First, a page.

1. Good morning dear Bo and thanks for your excellent commentary. Yes. she might have been a petit-bourgeois narcissist, but that does not invalidate Madame Bovary’s strong emotional frustration with the pettinesss of her provincial life. We must thread carefully in that aspect because oftentimes the malicious agents of the patriarchal institutions have tried to deflect the conversation about the social and financial oppression of the feminine genre by smearing the personal attributes of the few brave women that dare to speak up. What if she was vain? Or fat? Or ugly? Or mean?
      The message is what really counts. Do you agree dear? Un grosso baccione. A posto!

      Liked by 1 person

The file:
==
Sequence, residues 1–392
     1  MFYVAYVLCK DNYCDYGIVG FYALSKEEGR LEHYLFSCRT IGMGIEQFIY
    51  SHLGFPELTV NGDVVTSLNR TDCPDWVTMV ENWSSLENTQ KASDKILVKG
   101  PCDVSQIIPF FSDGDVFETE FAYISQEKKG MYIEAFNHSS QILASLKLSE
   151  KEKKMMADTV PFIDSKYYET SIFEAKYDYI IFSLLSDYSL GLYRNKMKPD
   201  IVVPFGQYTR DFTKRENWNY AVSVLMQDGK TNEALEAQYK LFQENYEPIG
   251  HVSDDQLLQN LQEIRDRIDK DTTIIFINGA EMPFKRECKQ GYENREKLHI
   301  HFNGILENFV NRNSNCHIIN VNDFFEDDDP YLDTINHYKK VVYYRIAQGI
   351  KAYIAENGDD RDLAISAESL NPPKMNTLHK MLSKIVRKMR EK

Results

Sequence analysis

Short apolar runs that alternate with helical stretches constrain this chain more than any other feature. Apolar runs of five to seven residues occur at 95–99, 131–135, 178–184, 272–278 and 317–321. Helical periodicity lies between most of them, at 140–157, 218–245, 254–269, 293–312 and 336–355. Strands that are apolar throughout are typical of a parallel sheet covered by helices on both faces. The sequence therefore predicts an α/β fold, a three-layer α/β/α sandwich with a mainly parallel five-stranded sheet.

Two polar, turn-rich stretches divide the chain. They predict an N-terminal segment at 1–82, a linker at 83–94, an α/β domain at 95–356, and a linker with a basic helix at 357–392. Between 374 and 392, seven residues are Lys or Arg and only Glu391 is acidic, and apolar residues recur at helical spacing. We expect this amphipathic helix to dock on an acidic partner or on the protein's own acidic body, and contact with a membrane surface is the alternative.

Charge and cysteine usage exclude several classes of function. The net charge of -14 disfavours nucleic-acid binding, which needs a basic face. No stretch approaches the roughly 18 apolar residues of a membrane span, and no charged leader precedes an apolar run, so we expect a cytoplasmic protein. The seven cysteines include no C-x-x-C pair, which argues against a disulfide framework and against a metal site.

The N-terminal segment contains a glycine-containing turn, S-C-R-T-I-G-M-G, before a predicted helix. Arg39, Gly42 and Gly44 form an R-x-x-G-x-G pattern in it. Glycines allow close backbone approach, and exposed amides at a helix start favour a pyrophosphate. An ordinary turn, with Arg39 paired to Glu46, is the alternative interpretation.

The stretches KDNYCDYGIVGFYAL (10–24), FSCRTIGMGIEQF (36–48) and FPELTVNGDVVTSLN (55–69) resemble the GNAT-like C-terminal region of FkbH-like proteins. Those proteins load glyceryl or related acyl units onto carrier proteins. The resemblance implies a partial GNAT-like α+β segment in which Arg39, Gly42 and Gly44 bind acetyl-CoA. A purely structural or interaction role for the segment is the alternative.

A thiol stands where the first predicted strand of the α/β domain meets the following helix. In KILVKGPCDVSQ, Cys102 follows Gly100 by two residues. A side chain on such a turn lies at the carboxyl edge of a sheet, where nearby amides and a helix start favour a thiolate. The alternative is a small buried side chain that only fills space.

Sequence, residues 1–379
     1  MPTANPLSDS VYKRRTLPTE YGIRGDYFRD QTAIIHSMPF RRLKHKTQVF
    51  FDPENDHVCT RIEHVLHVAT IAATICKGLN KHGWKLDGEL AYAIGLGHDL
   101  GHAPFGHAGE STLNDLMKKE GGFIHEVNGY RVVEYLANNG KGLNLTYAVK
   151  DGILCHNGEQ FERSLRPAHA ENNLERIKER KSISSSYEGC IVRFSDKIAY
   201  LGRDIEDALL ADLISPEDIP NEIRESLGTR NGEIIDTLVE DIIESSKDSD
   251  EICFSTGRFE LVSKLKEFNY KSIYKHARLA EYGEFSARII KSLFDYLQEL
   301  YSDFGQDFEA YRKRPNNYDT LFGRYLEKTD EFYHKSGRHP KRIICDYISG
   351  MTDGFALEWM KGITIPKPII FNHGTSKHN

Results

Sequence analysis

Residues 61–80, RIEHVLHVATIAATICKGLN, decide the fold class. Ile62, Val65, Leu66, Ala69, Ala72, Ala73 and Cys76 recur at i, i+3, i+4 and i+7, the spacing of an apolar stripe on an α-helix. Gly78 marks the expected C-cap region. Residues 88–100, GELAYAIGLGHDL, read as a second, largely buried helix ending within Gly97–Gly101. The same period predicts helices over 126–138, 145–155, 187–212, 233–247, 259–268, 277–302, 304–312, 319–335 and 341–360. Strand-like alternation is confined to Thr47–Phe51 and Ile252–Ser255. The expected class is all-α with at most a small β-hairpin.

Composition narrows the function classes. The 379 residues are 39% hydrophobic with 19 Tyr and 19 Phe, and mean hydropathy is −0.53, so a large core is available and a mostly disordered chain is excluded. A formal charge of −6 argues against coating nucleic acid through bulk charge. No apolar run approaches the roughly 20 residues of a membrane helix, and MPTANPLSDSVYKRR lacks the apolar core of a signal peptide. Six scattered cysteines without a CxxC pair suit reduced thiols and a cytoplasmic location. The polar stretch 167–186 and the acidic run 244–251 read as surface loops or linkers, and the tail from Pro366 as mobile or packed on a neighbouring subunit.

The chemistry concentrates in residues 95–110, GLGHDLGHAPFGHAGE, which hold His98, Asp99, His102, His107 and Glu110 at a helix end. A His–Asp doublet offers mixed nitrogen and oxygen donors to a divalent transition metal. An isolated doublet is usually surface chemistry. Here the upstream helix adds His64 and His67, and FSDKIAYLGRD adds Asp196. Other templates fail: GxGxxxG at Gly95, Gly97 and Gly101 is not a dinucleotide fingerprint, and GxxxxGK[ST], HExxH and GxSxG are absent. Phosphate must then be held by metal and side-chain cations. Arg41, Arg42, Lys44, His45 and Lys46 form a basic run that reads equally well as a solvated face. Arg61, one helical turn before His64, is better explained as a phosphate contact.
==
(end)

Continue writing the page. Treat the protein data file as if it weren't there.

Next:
1. I’m glad we agree on this one, dear.
        Though Flaubert continues to challenge our morality a century and a half later with his petite anti-heroine, I can’t help but wonder if such stories are still considered scandalous or we’re hypocritical, as usual. Who can blame a Desperate Housewife?! The only choice she seems to have is to be desperate. Oh wait, there is one more: escapism, right? (however narcissistic it may be).
        Let feminists and false moralists be shocked. Oh vanity, my worst sin!

        Despite Emma’s many flaws, we can’t deny that she was a bourgeois sex revolutionary, can we?
        She might be tragic, but at least she did try. I challenge the critics to find their own raison d’être.

        I’ve started watching Mad Men on Netflix, which was recommended by an ex student who I thought very highly of. If you didn’t have a chance to see it, please do, as you’re going to find countless examples of frustrated desperate housewives.